loc huynh

website: www.lochuynhart.com
instagram: @LocXHuynh
email: LocHuynh32792@gmail.com

About the artist.
My work comes out of the visual language used in cartoon and illustration. The familiarity and legibility of cartoon-like imagery broadens accessibility. Absurdity of the human condition and how it relates to the current socio-political climate informs the content of my work. My most recent works delve into investigating my identity as a Vietnamese-American, how the culture is seen through a western lense, and exploring themes of trans-generational trauma.

What is a positive impact that art has made on the local community that you have witnessed? What would you like to see more of?
Less of a barrier to entry. Art is meant for everyone and it’s the thing that can connect and communicate with people from all over regardless of culture and language, why should money interfere with the ability for art to be shared with everyone? There should be monetary value on art, but it should not dictate whether it art is good or not. I know money and fine art are deeply entwined with each other, and this is just wishful thinking, but I am a strong believer in the egalitarian potential of art.

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Who or what are your artistic influences and how have they impacted you or your work?
I have a wide breathe of visual influences. I really look to imagery outside of the “fine” art realm like; tattoos, t-shirt graphics, graffiti,  90’s cartoons (ie: Ed, Edd, n Eddy, Cow n Chicken, Spongebob, ect.) and Comic artist (ie. John Romita Jr. Basil Wolverton, R. Crumb, Craig Thompson, ect.) I also am influences by artist like the Hairy Who and Peter Saul, who help inform a lot of my figurative elements. Peter Saul though, is undoubtedly my favorite artist. His work showed me that cartoons can be in the same dialogue as fine art and that smart art doesn’t have to look a certain way. Despite all that, I take a lot of formal cues from artist like Al Held and Stuart Davis. Lately I’ve been looking at things like food menus, old amusement parks, Nat Geo images, and old family photos.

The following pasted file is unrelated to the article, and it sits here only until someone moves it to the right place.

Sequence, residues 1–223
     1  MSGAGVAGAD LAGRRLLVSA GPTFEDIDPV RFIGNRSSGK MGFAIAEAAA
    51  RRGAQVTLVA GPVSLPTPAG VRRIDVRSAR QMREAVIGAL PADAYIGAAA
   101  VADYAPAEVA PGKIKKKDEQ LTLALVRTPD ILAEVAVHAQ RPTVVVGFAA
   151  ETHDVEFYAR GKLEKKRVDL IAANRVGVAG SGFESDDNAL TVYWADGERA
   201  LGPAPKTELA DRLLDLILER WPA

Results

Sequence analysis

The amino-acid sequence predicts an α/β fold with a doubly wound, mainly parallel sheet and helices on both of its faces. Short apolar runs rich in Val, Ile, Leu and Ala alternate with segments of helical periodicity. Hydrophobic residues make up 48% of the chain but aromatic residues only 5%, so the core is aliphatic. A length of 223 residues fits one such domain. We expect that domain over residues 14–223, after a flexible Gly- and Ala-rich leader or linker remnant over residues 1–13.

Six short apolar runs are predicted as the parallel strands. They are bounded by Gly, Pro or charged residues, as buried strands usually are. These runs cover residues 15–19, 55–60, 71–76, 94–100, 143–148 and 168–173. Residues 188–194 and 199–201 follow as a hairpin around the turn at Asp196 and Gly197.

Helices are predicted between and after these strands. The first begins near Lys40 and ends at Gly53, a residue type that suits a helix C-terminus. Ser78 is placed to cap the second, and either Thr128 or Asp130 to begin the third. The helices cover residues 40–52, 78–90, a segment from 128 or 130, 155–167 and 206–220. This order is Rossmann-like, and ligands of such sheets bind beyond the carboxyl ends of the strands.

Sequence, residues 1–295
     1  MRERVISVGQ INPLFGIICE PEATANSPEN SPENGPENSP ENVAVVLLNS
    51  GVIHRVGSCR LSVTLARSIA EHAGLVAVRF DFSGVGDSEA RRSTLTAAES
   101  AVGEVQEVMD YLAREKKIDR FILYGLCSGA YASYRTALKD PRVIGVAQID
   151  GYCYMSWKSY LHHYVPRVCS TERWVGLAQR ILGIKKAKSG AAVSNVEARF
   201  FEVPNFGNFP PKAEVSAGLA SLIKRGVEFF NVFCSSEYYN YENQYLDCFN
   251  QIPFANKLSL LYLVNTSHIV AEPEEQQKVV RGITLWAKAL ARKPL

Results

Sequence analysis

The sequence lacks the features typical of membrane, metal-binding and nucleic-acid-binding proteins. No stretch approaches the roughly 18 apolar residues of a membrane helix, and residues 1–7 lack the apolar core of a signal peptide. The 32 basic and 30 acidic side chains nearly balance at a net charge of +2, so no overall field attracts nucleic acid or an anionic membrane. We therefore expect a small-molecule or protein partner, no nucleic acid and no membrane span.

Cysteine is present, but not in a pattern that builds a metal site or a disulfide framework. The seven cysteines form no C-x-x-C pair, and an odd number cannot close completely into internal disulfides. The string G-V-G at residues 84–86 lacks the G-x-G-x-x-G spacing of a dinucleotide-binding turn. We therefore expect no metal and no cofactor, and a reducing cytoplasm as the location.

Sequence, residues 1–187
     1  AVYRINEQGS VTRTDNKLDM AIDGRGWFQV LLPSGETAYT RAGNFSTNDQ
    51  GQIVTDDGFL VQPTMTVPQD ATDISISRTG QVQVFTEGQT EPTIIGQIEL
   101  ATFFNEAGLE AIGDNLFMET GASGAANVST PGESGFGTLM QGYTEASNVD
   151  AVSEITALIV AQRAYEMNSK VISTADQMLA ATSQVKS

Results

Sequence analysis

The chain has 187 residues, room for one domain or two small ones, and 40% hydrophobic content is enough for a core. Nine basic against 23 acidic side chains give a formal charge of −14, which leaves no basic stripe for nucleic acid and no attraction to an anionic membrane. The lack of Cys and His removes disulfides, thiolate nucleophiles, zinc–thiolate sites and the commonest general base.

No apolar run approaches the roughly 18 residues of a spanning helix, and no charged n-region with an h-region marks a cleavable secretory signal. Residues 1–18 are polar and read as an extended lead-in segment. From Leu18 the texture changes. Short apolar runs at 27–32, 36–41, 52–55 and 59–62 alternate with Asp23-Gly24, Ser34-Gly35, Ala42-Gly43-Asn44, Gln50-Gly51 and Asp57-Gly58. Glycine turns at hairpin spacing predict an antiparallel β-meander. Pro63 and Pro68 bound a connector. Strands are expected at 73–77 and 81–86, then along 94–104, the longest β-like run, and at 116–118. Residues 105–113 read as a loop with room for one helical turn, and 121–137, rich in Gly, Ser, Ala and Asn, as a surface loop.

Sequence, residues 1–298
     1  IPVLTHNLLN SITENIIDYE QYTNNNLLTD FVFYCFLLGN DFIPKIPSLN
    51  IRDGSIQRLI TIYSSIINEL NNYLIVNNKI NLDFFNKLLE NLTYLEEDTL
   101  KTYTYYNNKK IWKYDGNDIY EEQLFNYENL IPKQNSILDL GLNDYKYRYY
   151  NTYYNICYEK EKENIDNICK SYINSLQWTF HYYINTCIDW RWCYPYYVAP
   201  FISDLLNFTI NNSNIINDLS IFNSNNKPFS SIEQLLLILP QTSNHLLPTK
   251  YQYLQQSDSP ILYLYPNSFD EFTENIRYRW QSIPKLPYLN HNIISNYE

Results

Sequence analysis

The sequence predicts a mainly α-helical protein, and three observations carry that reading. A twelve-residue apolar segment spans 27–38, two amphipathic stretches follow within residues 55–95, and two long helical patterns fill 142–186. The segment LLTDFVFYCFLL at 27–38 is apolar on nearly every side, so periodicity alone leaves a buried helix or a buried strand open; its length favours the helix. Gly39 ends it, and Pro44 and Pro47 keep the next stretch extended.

Do you have any “rituals” that you have to do before, after, or during your art making to keep you creating or put you in the mood to create work?
My ritual is dragging myself out of my apartment, grabbing a drink at some gas station, head to my studio, put on stand-up comedy or a show (like reruns of The Office or Parks & Rec) as background noise, plus having something funny on puts me in a good mood. Then I confront my paintings and work for hours on end. I tend to work on multiple things at once, it keeps me from getting bored with one thing.

How does your material or choice of medium impact your work?
For last couple years I made paintings on the reverse side of plexiglass because I really like the quasi-cartoon quality the flat glass was able to create. My most recent works are on canvas, partially out of necessity, but also because I can work on the surface, which in turns gives more liberties to play with paint application. I mainly use acrylic paint, but in various applications (ie. Airbrush, chunky impasto, flat, ect) The airbrush method mimics spray paint and creates a graffiti-like mark making and gradients are reminiscent of tattoo ‘spit shading’. Chucky impasto allows me to explore texture and the tactile nature of paint.